Rattata and mouse-like Pokémon, like Pikachu, have very good senses of smell and taste. They also have ways of easily gaining entry to the building if they were to smell something that they wanted! They chew through organic material like leather and glues. Many objects in the collection are made from organic materials (especially hair wreaths) so it is important to prevent Pokémon like these from getting into the building.


Zubats can live in collection areas because they are dark during the day when bats are asleep. Collection areas are usually kept very cool to protect the objects. This sort of environment would be perfect for a Zubat to nest. The Zubat’s droppings could cause damage to a object if it were to land on one, because Zubats fly around their droppings can affect more objects.

Pokémon can cause damage and destruction to a museum collection so it’s important to keep them in their pokeballs! It is always best to prevent an infestation before it happens, so you gotta catch ‘em all!


If this Weedle made it inside Henry House, it could be disastrous.

Meet the Museum: Melissa Cole, Curator

The focus of this blog series is the staff of the Oshawa Museum and their role at the site.  What does it mean to the archivist or curator at a community museum?  What goes on behind the scenes in the Programming office?  What is Executive Director Laura Suchan’s favourite memory of the Museum? 

Join us and see what happens behind the doors of Guy House.


Melissa Cole, Curator

What do you do at the Oshawa Museum?

Hi my name is Melissa Cole and I am the Curator at the Oshawa Museum.  This is not the first position I held here at the museum.  In 2000 I was an intern in the archives with the previous archivist, Tammy Robinson.  Shortly after the internship finished a job opportunity became available in the programming department which is where I worked until I became Curator in 2002.  My main duties as Curator is to oversee the care of the three dimensional artifacts in the collection from our smallest artifact, a bead from the Grandview Archaeology Collection, to our largest artifacts, the museum buildings, Guy, Henry and Robinson.  I also research, develop and install exhibits, write grants and oversee the administration of the collection.  A lot of what I do takes place behind the scenes.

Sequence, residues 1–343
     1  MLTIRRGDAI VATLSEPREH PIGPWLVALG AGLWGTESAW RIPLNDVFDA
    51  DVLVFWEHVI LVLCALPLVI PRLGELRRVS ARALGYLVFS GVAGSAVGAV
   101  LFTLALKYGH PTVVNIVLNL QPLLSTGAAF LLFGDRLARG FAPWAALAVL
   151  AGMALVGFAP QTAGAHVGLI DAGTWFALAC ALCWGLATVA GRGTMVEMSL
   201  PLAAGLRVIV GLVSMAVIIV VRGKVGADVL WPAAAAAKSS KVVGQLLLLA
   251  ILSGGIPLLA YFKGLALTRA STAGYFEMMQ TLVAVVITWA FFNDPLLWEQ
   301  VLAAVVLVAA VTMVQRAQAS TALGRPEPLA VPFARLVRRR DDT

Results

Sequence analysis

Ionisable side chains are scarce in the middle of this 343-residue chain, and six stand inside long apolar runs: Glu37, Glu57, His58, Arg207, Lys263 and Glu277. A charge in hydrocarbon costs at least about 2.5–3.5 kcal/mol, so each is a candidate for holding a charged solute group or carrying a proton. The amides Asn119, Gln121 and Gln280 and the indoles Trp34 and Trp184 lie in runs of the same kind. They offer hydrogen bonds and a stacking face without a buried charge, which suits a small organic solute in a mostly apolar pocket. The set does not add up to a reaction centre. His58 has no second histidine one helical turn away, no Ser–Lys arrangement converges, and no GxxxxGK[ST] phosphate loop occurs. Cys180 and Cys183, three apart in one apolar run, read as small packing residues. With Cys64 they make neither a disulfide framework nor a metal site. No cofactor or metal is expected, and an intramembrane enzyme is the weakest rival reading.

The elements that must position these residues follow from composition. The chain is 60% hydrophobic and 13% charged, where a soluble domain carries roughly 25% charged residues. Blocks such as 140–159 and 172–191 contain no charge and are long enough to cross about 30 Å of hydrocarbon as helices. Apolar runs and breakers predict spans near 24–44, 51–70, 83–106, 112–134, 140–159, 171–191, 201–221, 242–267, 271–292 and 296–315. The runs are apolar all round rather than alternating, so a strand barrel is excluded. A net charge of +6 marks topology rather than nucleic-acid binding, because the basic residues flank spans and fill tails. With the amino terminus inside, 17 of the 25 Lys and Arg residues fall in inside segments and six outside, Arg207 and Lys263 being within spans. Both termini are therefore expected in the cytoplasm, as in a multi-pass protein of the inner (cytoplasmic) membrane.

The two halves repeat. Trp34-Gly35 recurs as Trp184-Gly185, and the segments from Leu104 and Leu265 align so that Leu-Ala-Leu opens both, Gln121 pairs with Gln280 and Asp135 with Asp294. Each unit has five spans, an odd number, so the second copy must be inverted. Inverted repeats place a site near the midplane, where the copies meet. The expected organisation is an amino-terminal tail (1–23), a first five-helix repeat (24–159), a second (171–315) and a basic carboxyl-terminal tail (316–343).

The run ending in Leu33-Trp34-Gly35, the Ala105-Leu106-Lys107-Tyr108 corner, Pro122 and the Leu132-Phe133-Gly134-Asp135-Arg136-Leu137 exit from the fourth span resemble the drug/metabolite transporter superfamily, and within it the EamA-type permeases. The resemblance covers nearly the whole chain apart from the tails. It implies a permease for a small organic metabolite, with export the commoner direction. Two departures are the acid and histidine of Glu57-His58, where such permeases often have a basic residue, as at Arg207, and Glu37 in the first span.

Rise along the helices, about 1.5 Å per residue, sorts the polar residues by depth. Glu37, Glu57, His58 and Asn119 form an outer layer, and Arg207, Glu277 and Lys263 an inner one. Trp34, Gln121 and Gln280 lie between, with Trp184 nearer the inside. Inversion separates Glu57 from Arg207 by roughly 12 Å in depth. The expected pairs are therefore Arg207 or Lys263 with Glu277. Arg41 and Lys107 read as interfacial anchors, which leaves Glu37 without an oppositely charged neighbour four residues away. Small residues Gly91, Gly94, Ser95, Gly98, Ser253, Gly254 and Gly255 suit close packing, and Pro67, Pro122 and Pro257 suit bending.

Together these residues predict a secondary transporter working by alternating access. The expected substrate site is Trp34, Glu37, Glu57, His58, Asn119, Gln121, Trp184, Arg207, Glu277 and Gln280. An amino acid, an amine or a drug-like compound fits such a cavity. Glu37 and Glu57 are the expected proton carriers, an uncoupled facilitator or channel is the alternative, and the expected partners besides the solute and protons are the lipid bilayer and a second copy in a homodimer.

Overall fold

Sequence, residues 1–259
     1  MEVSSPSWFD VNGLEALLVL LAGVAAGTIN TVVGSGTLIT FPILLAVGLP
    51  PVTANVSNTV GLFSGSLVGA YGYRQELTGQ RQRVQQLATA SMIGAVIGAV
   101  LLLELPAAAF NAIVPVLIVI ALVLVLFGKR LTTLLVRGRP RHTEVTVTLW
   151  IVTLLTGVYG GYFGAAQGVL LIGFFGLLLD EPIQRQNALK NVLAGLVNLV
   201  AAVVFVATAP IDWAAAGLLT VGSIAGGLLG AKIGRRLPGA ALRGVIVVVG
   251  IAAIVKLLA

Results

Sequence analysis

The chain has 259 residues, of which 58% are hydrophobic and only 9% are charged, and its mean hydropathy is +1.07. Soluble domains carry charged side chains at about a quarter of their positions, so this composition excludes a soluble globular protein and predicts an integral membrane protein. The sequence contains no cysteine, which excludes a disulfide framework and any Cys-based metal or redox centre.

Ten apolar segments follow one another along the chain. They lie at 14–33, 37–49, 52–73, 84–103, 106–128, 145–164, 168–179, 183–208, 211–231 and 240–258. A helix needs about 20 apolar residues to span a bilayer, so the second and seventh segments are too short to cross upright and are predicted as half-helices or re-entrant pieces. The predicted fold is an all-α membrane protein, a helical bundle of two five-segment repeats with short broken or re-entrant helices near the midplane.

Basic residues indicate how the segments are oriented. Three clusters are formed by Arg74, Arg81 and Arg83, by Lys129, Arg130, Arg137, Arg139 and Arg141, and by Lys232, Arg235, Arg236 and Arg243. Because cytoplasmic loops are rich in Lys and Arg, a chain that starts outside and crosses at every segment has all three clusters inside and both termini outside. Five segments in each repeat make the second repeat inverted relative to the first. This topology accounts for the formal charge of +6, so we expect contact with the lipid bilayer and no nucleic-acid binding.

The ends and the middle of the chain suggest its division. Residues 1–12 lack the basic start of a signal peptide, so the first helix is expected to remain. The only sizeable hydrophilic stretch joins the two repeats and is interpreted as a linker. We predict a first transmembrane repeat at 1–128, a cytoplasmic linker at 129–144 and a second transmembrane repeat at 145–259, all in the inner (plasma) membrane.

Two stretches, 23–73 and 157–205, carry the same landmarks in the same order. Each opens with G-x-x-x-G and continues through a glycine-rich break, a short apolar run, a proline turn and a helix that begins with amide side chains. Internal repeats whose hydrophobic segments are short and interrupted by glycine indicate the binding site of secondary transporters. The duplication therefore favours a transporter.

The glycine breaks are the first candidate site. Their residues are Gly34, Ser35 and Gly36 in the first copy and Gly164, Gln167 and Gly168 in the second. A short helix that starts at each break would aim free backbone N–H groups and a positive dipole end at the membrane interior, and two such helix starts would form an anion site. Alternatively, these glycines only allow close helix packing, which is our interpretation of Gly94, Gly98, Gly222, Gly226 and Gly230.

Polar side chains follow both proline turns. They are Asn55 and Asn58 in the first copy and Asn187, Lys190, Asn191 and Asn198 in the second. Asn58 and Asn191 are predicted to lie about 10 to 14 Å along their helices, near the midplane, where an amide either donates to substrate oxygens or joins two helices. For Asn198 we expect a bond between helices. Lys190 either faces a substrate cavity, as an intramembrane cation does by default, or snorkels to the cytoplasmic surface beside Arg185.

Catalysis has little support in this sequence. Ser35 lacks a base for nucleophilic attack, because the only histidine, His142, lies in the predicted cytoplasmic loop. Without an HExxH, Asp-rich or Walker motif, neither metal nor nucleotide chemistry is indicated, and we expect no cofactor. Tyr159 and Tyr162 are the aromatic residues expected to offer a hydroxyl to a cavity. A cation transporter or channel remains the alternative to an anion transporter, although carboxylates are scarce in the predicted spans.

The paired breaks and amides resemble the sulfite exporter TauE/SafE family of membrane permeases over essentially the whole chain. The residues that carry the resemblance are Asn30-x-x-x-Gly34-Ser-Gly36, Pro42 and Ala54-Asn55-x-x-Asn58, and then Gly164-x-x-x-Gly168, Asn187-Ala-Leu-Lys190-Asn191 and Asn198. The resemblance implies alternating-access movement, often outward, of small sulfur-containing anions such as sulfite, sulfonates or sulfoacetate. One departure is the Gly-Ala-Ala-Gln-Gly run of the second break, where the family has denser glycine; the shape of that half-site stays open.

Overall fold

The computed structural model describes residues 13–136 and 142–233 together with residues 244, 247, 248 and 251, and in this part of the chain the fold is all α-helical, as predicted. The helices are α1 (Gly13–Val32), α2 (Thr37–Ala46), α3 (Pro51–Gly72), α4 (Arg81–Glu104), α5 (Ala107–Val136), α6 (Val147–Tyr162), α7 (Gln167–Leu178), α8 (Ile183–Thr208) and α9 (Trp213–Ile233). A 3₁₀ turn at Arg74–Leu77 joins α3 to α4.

Why did you choose this career?

I love learning about the past and discovering where we have come from.  As a child I was fortunate that my parents took me to various museums throughout Ontario and was able to spend time with family in England and Wales where we visited castles and historic sites.  One particular visit that stands out the most was a visit to a museum called Llancaich Fawr Manor.   I was chosen from the crowd and put in a costume that represented the time period of the home.  I was that child that wondered what was behind the closed doors – I wanted to see behind the scenes and that is exactly what I get to do now!


Melissa, July 1994, in period costume at Llancaich Fawr Manor, with a tour guide


What is your favourite part of your job?

There are many aspects of my job that I love.  I love my job because each day is different, one day I am installing an exhibition and the next I am meeting with paranormal investigators.  Another aspect of my job that I love is discovering the stories behind the artifacts in our collection and being transported back in time.  Who knew a broom could have such a remarkable story.


Melissa, in the Robinson House storage area, with our Rebellion Box


What do you find most challenging?

Balancing all my projects which have varying degrees of importance.  There is only so much time in a day and I find it challenging at times to tend to the administration duties while trying to give the truly important things, such as the collection, the time and effort that it deserves.


How did you get into the museum field?

I have a degree in Anthropology from Trent University.  In my first year, I will be honest, I wasn’t sure where my anthropology degree was going to lead me.   I initially wanted to teach.  During one of our lectures a Professor came out to discuss a joint program between Trent University and Sir Sandford Fleming College called Museum Management and Curatorship.  I knew at that moment that is what I wanted to do.  I was ecstatic!  I basically chased Professor Harrison around for four years of university, I know it sounds silly but I kinda did!  I immediately set up an appointment with her to find out more about the program.  I must have made an impression over the years because she actually contacted me at home during the summer of ‘99 to inform me that I had been accepted into the program.


What is your earliest memory of the Oshawa Museum?

I grew up in Oshawa; I am the Curator of my hometown’s history!  I remember coming to the museum on a class trip in grade three, it was then known as the Sydenham Museum.  Although my fondest memories of the museum are associated with Lakeview Park (where the buildings stand) – I spent a lot of time at this park as a child with my dad during the summer we would walk the path and I would ask every time if I could play at the park.   Out of the three buildings, Henry House is the one I remember most because I wanted to live there – it also stands beside the park where I played!   Today my office window looks over the lake and the park that I have fond memories of and Henry House does feel like my home away from home.